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FA Cup: 10 Talking Points From the Weekend's Third-Round Action

FA Cup: 10 Talking Points From the Weekend's Third-Round Action

Thursday, 10 January, 2019 - 09:30
Eddie Nketiah’s wasteful finishing did not detract from his touch and movement; Andy Carroll scored and infuriated; Cesc Fàbregas said his goodbyes at Stamford Bridge. Composite: AFP/Getty Images/PA
London- Guardian Sport
Nketiah shows rich promise, Chelsea may rue Fàbregas’s exit, things about to hot up for Solskjær and what next for Carroll?

1) Leicester may come to regret resting players in the Cup
Given Newport’s recent Cup pedigree – the League Two side knocked out Leeds and took Tottenham to a replay last season – Sunday’s game never looked an easy tie for Claude Puel’s Leicester, but looked even less so when he left the likes of Kasper Schmeichel, Harry Maguire, Ben Chilwell, Wilfred Ndidi and Jamie Vardy at home. Puel would still have expected the XI he sent out to progress but with no midweek game and no other competitions to play for, supporters who made the long trip to south Wales would be forgiven their dark mutterings on the return journey after a humbling defeat. Sunday’s other Premier League fall guys, Fulham, at least have a relegation battle to occupy them until May but seventh-placed Leicester are a long way from sixth and with fine victories over Manchester City and at Chelsea last month have shown what they are capable of at full-strength. The Christmas period leaves players jaded but you don’t get second chances in the FA Cup. Paul Chronnell

2) Nketiah hits right note despite hat-trick of misses
There should have been two 19-year-olds on the scoresheet for Arsenal at Bloomfield Road as the young players entrusted by Unai Emery impressed against Blackpool. Joe Willock, the England Under-20 midfielder, seized his opportunities with two goals that owed much to sharp reactions and good awareness, and was only denied a first Arsenal hat-trick by a correct offside decision. Eddie Nketiah, was nowhere near as clinical, missing three presentable chances before half-time, and yet this remained a promising display from the Lewisham-born forward. Nketiah’s pace, movement and first touch all stood out against the League One side. As did his refusal to allow the misses to effect his contribution. He was replaced by Alexandre Lacazette in the 64th minute, a reminder of the obstacles in the way. Andy Hunter

3) Huddersfield must spend to reduce striking deficit
David Wagner was chuckling before the reporter had finished asking a question that started with the words: “Luckily you’re in a January transfer window so you can bring players into the club …” The Huddersfield manager, bringing a touch of reality to it all, replied: “Theoretically this is correct. Everybody knows the circumstances which we have in our football club, that we financially are not at the top of the hierarchy.” His team are bottom of the Premier League and eight points from safety. The German added: “We will see what we can make happen or not make happen.” A chastening FA Cup exit at Bristol City made it nine successive defeats and there have been only two victories all season, suggesting the board needs to make as much as possible happen in this window to give Wagner a fighting chance, with a proven goalscorer surely the priority. Stuart James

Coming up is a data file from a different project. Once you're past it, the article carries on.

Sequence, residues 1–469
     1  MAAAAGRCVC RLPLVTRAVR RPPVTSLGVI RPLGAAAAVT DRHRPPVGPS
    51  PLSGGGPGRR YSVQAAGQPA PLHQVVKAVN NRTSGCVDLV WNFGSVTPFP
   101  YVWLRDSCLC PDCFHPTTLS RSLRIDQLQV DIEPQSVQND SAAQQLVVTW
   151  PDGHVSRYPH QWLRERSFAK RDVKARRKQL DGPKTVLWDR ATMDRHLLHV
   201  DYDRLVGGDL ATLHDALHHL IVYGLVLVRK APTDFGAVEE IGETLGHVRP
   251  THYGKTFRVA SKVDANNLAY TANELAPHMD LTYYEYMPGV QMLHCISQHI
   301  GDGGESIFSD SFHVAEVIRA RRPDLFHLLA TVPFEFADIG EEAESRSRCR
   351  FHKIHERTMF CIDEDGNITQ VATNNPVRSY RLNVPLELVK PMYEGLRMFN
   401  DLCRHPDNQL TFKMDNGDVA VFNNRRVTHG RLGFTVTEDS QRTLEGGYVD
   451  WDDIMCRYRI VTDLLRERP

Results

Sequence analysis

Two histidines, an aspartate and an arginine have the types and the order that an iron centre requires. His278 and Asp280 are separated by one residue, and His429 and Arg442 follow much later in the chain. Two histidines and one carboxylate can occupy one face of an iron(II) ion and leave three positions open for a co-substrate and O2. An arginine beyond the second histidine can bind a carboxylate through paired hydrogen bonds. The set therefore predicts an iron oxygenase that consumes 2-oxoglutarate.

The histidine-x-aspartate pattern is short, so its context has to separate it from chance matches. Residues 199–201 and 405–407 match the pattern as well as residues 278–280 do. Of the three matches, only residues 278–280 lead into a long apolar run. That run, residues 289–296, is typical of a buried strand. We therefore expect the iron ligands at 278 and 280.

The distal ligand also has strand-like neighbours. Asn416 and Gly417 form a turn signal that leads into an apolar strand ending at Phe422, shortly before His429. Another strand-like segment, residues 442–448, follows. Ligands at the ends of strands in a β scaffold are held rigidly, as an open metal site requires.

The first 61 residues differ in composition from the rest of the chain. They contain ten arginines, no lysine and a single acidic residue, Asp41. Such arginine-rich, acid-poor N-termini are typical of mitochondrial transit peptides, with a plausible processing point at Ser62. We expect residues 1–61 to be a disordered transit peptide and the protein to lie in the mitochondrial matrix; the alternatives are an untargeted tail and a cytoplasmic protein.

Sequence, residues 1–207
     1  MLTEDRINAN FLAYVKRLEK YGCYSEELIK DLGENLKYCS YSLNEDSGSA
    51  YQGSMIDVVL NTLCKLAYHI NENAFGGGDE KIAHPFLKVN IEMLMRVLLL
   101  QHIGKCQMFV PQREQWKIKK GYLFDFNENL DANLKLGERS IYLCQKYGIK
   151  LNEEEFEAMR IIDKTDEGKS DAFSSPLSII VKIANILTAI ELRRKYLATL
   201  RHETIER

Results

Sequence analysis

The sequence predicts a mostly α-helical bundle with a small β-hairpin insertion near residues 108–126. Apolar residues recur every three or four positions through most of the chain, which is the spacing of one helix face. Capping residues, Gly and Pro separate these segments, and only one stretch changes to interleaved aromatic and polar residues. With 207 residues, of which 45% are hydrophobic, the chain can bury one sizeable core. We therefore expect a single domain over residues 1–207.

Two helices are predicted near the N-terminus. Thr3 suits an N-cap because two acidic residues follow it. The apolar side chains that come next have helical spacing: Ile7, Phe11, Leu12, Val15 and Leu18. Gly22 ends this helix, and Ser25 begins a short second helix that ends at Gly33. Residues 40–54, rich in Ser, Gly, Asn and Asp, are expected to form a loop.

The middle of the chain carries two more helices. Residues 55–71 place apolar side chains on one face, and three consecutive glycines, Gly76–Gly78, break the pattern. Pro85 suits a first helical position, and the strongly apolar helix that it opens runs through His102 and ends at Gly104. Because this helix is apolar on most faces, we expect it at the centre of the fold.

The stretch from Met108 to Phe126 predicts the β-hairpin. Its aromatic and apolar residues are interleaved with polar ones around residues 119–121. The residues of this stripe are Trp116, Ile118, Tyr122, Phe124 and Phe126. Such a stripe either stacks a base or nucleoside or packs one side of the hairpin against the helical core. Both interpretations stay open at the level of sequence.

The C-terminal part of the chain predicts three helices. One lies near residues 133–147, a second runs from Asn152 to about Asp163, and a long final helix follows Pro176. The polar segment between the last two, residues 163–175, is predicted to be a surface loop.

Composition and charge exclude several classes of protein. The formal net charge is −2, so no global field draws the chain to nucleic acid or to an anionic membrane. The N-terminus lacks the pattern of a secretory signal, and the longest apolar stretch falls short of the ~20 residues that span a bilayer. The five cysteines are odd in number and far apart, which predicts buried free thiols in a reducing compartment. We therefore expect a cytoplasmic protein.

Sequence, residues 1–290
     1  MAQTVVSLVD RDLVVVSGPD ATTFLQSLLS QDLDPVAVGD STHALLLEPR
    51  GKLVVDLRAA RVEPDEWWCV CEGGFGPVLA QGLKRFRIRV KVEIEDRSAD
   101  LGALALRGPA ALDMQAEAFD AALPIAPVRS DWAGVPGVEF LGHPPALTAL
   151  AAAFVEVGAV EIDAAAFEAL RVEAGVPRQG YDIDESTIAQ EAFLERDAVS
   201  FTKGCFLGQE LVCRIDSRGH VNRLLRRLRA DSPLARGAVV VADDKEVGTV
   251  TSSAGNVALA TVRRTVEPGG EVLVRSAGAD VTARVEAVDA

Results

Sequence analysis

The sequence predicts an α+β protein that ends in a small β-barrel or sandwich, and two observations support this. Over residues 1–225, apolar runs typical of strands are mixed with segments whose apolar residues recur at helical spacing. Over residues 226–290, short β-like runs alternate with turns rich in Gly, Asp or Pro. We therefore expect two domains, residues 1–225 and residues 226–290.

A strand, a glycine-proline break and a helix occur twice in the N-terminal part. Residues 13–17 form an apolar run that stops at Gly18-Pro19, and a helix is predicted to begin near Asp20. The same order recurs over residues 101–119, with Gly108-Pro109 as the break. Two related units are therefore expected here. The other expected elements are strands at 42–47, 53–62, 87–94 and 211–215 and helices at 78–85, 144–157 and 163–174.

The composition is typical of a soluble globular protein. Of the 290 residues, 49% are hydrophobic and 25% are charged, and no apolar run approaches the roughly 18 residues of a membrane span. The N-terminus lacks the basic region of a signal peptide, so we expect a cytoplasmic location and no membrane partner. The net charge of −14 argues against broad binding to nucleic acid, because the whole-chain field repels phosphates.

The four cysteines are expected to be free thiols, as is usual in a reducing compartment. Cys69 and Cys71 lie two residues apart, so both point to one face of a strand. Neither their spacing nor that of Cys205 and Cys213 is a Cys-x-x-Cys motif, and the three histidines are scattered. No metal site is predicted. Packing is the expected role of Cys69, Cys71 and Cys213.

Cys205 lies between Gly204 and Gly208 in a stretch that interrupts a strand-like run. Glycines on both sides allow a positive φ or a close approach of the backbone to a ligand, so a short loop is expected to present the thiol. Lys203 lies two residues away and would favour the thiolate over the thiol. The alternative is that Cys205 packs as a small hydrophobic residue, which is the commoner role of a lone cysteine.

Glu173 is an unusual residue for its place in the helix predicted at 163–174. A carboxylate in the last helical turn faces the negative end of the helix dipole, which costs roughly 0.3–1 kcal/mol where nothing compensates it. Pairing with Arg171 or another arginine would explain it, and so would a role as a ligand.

4) Ayew buys himself time but Hodgson’s impatience is clear
If Roy Hodgson’s mood was anything to go by after his side edged past a valiant 10-man Grimsby, thanks to Jordan Ayew’s second goal in as many games, then this could be a long month for the Crystal Palace manager. Having pulled out of a loan deal to sign Dominic Solanke from Liverpool, finding a striker remains imperative given Alexander Sørloth’s travails in front of goal, although the impending return of Christian Benteke and Ayew’s sudden burst of form may give them some breathing space. The Ghana forward now looks likely to have his loan extended until the end of the season, while Hodgson claimed not to have even heard of Sunderland’s Josh Maja after he was linked with the club last week. “His name’s not been mentioned to me,” said the former England manager. “I don’t spend my time watching Sunderland play.” Ed Aarons

5) Fàbregas’s imminent exit may come back to haunt Sarri
Chelsea were busily insisting the deal was not yet done, but the tears of Cesc Fàbregas as he left the Stamford Bridge pitch and the assorted tributes from colleagues suggested otherwise. He played what is almost certain to be his last game for the club against Nottingham Forest on Saturday before leaving for Monaco, but even though he has been a peripheral figure you wonder about the wisdom of letting him go mid-season. The Catalan has served as the primary back-up to Jorginho as the deep-lying playmaker, perhaps the most important role in Maurizio Sarri’s system. “It would be really a problem without Cesc,” said Sarri a few weeks ago, probably because the alternatives are the talented but extremely raw Ethan Ampadu and, erm, David Luiz? The Brazilian centre-back said: “You need a minimum 20 players to rotate.” Nick Miller